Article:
A Lament and a Confession
How loathe I’ve been
To squander this life
To cast to the wind
Or drop into the ground
What I cannot save
I cling fearful
Lest I give myself away
For the pauper I am
I grieve years
What I cannot keep
Losing forever what
Will not come my way again.
God gave me life so I could give it away. When I hoard it, I lose it.
I grew up grasping at signs that I was a worthwhile human being. Not in God’s sight, but in the sight of others. I wanted stars on my forehead and my name on the honor roll.
Life was about performances that drew positive attention toward me. This reassured and soothed me, at least until the next test or assignment came due.
I’ve never felt comfortable reaching out to a wide circle of friends or strangers. Isn’t that part of being introverted? I was shy and bashful, that’s all. Polite, but not the initiator of conversations or unrequired smiles.
And so I hoarded shreds of praise and affirmation for myself. I didn’t often practice giving away praise, affirmation or even smiles to others.
Yet there’s nothing about being introverted that keeps me from giving away my life. Especially in small ways: Kindness. Short notes of encouragement. Smiles and hellos. Listening. Not as a duty, but as a way of passing on a bit of the life God and countless others have freely given me.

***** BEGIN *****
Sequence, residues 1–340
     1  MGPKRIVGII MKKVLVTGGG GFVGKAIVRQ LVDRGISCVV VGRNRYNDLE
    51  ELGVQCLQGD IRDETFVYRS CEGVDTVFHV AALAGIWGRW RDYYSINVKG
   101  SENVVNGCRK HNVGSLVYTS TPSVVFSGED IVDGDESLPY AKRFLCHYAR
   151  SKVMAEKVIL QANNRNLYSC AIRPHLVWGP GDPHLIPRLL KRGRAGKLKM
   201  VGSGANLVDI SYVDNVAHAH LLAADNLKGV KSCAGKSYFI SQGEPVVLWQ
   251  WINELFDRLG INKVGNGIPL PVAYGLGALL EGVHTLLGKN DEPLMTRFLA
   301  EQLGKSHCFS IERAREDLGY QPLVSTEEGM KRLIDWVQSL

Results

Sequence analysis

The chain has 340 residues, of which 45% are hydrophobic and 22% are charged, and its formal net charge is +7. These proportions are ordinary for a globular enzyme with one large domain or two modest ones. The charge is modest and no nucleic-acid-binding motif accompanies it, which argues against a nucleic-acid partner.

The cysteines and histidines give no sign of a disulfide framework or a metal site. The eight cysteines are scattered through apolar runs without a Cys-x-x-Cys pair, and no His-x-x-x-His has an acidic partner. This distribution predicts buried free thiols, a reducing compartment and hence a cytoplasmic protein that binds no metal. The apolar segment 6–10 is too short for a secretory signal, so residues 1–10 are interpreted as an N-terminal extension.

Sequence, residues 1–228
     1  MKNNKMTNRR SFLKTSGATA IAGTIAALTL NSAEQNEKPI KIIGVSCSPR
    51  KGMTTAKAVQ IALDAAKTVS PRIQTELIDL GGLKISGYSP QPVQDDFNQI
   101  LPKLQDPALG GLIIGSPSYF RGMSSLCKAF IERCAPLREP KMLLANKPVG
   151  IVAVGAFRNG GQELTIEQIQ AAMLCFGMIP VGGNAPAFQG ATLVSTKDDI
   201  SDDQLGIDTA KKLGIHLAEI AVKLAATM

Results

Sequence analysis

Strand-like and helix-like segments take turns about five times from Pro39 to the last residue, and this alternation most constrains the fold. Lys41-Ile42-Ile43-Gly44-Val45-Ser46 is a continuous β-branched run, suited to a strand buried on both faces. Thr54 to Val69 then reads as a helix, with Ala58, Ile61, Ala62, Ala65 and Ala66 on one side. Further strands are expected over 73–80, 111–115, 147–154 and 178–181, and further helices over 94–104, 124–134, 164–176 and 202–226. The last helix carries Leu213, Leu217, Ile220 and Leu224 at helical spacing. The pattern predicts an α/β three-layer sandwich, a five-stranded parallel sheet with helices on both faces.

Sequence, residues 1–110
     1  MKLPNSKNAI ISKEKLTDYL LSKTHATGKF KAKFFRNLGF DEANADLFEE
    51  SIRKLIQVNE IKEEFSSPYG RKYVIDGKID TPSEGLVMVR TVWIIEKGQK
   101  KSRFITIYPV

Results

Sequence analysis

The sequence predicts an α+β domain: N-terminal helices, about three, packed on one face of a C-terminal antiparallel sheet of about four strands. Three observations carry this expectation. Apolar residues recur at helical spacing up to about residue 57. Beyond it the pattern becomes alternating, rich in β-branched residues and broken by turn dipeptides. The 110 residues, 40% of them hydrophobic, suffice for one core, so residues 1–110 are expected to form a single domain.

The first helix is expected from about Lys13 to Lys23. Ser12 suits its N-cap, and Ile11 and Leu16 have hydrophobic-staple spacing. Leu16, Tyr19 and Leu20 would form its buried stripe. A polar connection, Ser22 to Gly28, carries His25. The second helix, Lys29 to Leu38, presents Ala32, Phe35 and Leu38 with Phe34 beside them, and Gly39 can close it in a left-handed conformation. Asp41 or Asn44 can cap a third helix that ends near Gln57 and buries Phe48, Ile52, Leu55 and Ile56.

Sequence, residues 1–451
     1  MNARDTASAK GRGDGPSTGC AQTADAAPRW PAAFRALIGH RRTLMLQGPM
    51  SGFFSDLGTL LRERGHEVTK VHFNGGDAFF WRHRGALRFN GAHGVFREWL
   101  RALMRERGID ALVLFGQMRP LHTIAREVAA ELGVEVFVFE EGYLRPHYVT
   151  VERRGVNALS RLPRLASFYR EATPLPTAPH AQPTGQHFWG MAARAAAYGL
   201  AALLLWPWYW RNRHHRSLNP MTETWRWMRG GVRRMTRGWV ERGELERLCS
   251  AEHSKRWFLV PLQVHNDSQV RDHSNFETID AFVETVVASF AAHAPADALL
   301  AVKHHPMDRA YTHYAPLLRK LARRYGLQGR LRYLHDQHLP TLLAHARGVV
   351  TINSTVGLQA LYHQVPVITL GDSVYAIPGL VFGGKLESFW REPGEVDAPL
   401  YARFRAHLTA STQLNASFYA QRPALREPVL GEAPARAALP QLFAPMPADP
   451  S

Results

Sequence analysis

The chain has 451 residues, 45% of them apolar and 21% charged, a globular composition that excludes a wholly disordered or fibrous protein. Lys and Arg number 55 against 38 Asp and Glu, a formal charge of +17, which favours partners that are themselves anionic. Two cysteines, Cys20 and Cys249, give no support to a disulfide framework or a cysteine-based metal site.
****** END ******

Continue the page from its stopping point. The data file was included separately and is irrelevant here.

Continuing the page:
It sounds easy. Yet I’m reluctant to make the first move. I don’t want to stand out, ‘bother’ people, or take unnecessary risks with strangers. Better safe than sorry.
Then again, God reached out and made the first move toward me, a stranger. Without God’s kindness, including kindnesses passed on to me through friends and strangers, I would have nothing to give away.
I don’t squander money or spend it recklessly. Yet squandering is exactly what this calls for. Giving away with abandon some of what I’ve received. Investing it recklessly without promise of high returns.
After all, it never belonged to me in the first place.
© Elouise Renich Fraser, 6 March 2016
Photo with quote from quotesgram.com